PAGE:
@Scotsfloat 12 people in a care home sounds amazing. Our Long Term Care homes are typically large institution like settings, there are 160 beds in my Mum's home. You have to go on a central provincial waiting list, having met very strict need for care requirements as determined by a CaseManager, then you pick 5 options and wait for your turn to come up. Unfortunately there are now so many people in crisis situations that the empty beds are being filled with them and seldom with people who have qualified to be placed on the list. There are no 'preferred' public homes because they are all government subsidized. There are 27 residents on my Mum's floor, 2-8 hour shifts of 3 personal service workers, 1 nurse and 1 dietary aid who serves the food at meal times. Overnight 8 hours there is 1 personal service worker and a 'floater' who goes between 3 wings of 27 residents. Most of the residents need some or total assistance with feeding, toileting and general mobility. There are only 2 residents who are ambulatory with no walking aids , both have dementia, the rest are on walking frames or in wheelchairs, most also have some form of dementia as well. You can imagine , the staff only has time to feed, toilet,shower and medicate the residents. There is a 'recreation person' who spends a couple of hours on the floor, but there are really no activities for most of the residents, only 3-4 residents are able to participate in the activities :( The cost of a room with private toilet and sink is $2700 a month, which everyone pays regardless of personal finances. The province subsidizes everyone for costs above that , you can apply for a reduction in fees but only if you are in a shared room at $1950 a month ( most newer homes don't have the option of shared rooms) and have poverty level income. The cost of a total private pay home is somewhere between $7,000 and $10,000 a month which is beyond the means of most seniors who didn't have a company pension plan. To put it into perspective our government pensions for all seniors over 65 are around $600 a month in Old Age Pension, if you or your deceased spouse worked for 40 years at 65 you can also collect an average of $1000 per person, and about $500 if you are the survivor of a worker. So my Mum gets $1600 a month and pays that and an additional $1100 a month for her room. She lived in a Private Pay Retirement Assisted living home for a year at $3600 a month with only 1 1/2 hour carer visit a day until she couldn't manage on her own. My Dad was in Respite once a month for a couple of years, then in a Care home for a year as well so the costs have eaten up most of the proceeds from selling their house years ago. So in addition to everything else there is the worry that her funds will last for 3 more years ( until she is 90) then it will fall to my husband and I to make up the difference . I have one brother who is mostly an invisible, he visits once every 2 months or so, because his wife says 'It is really hard on him to see her' Yes for real !!! My daughter is wonderful, she drops in at least 1-2 times a week for half an hour on her way home from work, and helps me with Mum's nightie ( her one arm is contracting so it can be a bit like wrestling!) My son and husband visit about once a month. In some strange way it is actually easier when it is just me as I don't have to see the anguish on everyone's faces when they see her. I just love her so much and she is so vulnerable I just can't Not go so I only rarely miss my daily visit and if I just can't get there I try to have one of them drop by just so she is not completely alone . I know it doesn't make sense to people who have not lived it, especially when they say,'but would she know if you're not there?' I always respond by saying, 'but I would know I wasn't there. It doesn't leave much time or energy for anything else but it is a choice I am making and my family are supporting my choice, but somedays it's just overwhelming isn't it?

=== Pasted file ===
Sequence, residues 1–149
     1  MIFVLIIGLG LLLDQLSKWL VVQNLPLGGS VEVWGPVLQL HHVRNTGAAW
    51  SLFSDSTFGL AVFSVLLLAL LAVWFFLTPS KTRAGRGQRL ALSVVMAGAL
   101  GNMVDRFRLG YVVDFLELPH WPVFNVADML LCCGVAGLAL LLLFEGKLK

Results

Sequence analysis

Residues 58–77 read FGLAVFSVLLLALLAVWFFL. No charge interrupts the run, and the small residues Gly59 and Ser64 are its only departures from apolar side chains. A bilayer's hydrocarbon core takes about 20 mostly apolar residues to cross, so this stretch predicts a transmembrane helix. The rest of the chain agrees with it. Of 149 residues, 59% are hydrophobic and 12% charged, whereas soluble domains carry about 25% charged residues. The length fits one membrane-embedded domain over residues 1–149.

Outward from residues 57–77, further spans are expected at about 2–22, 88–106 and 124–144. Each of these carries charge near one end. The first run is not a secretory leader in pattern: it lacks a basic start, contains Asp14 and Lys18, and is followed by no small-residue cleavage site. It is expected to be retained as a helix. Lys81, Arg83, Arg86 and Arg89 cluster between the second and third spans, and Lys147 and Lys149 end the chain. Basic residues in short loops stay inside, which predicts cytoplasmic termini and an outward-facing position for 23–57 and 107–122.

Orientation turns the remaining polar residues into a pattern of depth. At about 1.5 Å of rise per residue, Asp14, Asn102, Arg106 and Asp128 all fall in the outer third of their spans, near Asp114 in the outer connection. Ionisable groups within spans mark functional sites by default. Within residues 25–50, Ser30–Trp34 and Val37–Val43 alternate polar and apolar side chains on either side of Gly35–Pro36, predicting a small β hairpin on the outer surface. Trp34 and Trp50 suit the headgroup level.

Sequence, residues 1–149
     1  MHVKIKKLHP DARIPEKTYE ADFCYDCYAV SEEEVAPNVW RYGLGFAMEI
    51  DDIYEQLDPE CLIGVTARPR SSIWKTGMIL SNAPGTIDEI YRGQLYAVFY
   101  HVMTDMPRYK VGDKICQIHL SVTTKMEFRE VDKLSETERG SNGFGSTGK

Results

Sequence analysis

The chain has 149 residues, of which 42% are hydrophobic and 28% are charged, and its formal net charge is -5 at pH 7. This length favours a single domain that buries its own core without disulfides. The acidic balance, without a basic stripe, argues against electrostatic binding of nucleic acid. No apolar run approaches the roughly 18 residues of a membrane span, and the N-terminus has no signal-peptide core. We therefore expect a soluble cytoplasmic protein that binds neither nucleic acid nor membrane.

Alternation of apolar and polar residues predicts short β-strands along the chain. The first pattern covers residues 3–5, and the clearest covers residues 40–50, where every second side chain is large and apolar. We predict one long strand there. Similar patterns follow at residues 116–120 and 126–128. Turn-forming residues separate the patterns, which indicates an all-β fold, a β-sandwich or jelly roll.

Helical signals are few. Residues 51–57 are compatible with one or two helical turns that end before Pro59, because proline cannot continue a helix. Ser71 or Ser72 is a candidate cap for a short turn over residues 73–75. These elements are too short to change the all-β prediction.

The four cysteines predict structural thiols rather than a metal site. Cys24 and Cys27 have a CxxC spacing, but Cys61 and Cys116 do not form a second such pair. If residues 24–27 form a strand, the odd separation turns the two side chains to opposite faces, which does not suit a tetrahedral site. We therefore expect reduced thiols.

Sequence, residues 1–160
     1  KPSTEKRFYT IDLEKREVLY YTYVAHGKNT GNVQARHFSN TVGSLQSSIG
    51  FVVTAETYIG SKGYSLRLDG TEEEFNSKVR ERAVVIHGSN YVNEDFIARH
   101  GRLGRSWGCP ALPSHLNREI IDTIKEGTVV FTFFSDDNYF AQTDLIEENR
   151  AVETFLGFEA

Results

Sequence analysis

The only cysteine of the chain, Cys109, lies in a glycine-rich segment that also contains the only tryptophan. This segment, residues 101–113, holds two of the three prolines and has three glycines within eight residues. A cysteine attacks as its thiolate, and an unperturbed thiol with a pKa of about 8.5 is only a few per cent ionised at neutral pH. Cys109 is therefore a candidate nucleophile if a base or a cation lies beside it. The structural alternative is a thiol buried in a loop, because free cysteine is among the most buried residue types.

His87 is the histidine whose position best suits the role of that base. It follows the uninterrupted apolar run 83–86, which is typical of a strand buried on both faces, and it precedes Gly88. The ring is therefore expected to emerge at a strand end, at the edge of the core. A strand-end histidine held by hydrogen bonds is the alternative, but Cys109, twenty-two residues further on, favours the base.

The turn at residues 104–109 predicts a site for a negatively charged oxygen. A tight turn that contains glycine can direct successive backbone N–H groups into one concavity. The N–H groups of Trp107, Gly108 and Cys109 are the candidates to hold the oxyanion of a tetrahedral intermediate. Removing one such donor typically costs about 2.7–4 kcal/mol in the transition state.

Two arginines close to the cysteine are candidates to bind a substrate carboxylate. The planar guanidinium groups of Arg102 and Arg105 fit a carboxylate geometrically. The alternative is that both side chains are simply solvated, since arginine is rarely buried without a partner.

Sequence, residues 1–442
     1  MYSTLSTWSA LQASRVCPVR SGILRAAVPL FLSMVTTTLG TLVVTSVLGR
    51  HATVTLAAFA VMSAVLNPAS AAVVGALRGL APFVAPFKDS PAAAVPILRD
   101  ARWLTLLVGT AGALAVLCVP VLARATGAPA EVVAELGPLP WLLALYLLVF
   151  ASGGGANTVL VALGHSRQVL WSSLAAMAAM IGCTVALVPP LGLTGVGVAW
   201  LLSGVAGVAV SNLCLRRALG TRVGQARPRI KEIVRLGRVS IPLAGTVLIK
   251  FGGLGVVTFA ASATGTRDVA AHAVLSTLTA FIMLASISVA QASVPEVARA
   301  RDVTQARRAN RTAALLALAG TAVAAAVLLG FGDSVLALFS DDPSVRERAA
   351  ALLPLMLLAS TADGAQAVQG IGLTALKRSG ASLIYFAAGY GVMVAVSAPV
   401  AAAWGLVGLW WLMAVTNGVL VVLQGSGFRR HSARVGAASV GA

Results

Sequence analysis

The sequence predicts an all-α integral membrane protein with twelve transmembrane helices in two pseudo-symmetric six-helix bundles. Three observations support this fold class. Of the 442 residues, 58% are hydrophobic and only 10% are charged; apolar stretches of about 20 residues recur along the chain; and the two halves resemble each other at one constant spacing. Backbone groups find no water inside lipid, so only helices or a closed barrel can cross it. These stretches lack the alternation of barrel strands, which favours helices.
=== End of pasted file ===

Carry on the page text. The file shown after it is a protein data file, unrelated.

I appreciate the hugs and support, thank you so much just for listening . I find it hard to accept hugs in person because I am afraid I will break and not be able to keep it together, so thank you and virtual hugs back!

Dementia really is a ***** isn't it.
Oh my goodness, what a terrible state of affairs. It sounds like a total minefield to get the appropriate care that is needed where you live. My mother originally went into her Care Home for respite when my father died and we discovered the extent of her cognitive decline and she needed to have assessments etc. I really liked the Home as it was more like a big house and my mum automatically assumed it was her house as soon as she got there so there was a familiarity about it. It costs about £3,500 a month now and has gone up every year, but she is so well looked after and I feel like I know the staff really well. I have been told by her doctor that she has a matter of months left so know we will have enough left from her house sale for her to stay there. Yes, it can be very overwhelming so make sure you remember your needs too and take care of yourself xxx